Little nothings of life (about Punctuation Space)

rustam's picture

Where you using this space in the layout design? (sorry for my English)

charles ellertson's picture

With some tables, you have different type of data under a single column head. In the sample shown below, you can use InDesign's "decimal alignment" to align on the decimal for the percentage entries, but that won't work for the "number" entries, which are in parentheses -- and they should NOT align with the percentage data.

So. I used decimal alignment for the percentage data, and centered the numbers data. This required "padding" the numbers, which means a phantom space the width of a comma and another the width of a digit. In the table shown, you couldn't simply set the parenthetical data flush left or flush right.

I always fill out unicode 2007 and 2008 so this is possible. But almost no foundry does. I'd hope that the built-in ID spaces refer to the numbers being used and comma & period being used (tabular here), but I'm not sure -- why I always make up the unicode spaces & enter them. You could try the ID figure space and punctuation space & see if they work.

In your example, the entry 1087 would usually be expressed as 1,087 in English (1.087 in some languages), so you would have to pad for the comma/period if you were centering data.

rustam's picture

Charles, thanks.

Well, how InDesign calculates the width of the punct space if the foundty is not designed it?

charles ellertson's picture

Someone from Adobe would have to say how they wrote this bit of the program.

We use to use TeX, and had a similar feature. I can't remember whether it was a TeX primitive or we wrote it, but we certainly wrote a definition to use one character (the "|" key) to implement it. You just go and look up the width of a certain character, and in TeX terms, set an h-box to that width. If you put a (TeX) invisiblespeck on each side, it won't get thrown out in a glue-glue situation. It seems to me that the InDesign "figure space" is thrown out if you put it after the number; e.g. I can't get 12.1 and 13.15 to align by setting them flush right by putting a figure space after the "1" in 12.1. (with CS2 in a formal table, anyway).

With OpenType fonts and InDesign, there can be a lot of sets of numbers -- both oldstyle and lining, and both proportional and tabular. If the routine just looks at what's in "zero" to get the width of the space, that width would be dependent on which is the default character. I tend to put oldstyle proportional as the default figures, so . . .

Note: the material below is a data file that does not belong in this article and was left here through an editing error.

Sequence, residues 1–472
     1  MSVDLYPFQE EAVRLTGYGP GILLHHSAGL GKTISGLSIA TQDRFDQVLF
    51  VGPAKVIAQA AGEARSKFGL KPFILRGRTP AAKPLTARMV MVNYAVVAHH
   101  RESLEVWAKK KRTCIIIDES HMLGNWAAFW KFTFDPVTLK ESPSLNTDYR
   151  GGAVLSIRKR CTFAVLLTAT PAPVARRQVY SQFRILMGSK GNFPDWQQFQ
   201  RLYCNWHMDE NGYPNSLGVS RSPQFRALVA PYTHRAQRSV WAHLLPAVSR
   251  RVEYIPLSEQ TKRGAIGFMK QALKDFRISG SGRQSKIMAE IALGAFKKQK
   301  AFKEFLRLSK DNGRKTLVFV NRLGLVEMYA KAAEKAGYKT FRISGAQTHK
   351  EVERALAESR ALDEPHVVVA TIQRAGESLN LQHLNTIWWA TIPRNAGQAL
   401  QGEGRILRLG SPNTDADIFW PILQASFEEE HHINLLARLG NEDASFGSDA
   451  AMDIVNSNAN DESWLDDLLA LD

I also frequently make up tabular commas and periods. The commas and periods in the font have sidebearings designed to work well at the end of sentences and clauses, their fit with tabular numbers is not a big concern. So I make up tabular ones, & swap them with the numbers. I doubt InDesign is up to figuring that out, but if you put that width in uni 2008, you nail it.

Other things to watch for is that the type designer has made the tabular roman figures the same setwidth as the italic, and so on.

BTW, the best way to align what you showed in your example is to use decimal alignment, that is very easy & needs no padding of the numbers. It is the odd circumstances where padding is needed -- though I'd agree that sometimes there are just one or two numbers in a table that need padding to get centering to work, and that can be faster.

Hope this helps.

speter's picture

We use to use TeX, and had a similar feature. I can’t remember whether it was a TeX primitive or we wrote it

It's not a primitive, but is defined in the Plain TeX format. It's called \phantom.

charles ellertson's picture

Yes. I guess we must have written a specialized routine for a phantom figure space.

I really wish InDesign had a generalized phantom space routine.

Theunis de Jong's picture

I really wish InDesign had a generalized phantom space routine.

The number space was about the last one I missed, coming into CS3 [*]. En-spaces do not quite cover that (usually, they are too big). For any other phantom work, I just set the text colour to "[None]". ID is smart enough to not even include that text into a PDF, just its width. What more could you ask for? Phantom-a space, Phantom-b space, Phantom-c space (etc.)?

[*] I wondered a couple of times how ID gets the width. The naive approach would be just to use the width of a zero, but in a default old style figures font, all figures have (most likely) different widths. Usually, right after that I remember that these numbers are not meant to be aligned vertically, so it's a pure academic question. But still -- I might find out through experimentation, some day, when I'm bored.

[Note] Hey, I see Charles said just about the same!

charles ellertson's picture

For any other phantom work, I just set the text colour to “[None]”. ID is smart enough to not even include that text into a PDF, just its width. What more could you ask for?

Well, in our line of work, an XML file is sometimes made from the the final typesetting file, so that would leave a bit of a bomb in the text.

But you could probably make a character style named "get thee to a nunnery" (or maybe "omit"), which would both set the color and helped identify characters to be deleted in any eventual XML file.

Good tip even if I can't get it adopted at our shop.

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